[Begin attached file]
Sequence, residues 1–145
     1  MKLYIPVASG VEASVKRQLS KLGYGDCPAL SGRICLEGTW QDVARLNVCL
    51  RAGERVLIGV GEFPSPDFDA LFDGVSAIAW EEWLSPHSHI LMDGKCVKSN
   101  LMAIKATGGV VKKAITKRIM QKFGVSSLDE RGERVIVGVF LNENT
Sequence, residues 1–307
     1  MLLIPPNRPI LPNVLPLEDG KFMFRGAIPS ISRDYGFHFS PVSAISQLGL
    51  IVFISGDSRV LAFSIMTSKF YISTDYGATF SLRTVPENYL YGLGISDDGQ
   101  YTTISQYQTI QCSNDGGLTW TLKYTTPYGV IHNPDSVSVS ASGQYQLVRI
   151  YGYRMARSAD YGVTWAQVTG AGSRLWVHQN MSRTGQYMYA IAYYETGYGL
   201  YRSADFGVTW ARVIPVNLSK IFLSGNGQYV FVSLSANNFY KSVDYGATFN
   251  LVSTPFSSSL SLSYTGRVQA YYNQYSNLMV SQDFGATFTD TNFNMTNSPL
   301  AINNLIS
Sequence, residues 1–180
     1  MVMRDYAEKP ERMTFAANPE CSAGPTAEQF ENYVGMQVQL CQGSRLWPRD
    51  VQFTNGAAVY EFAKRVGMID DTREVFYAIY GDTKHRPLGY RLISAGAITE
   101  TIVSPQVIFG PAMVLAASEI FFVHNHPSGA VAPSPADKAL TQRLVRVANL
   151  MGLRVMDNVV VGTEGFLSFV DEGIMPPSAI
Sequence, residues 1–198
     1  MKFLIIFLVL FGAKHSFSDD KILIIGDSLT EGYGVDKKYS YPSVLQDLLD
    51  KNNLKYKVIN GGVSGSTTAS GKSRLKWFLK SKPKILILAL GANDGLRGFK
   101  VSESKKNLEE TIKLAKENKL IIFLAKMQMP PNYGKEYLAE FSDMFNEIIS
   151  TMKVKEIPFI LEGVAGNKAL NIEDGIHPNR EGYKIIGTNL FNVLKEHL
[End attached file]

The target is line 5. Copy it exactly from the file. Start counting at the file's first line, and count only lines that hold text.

Sequence, residues 1–307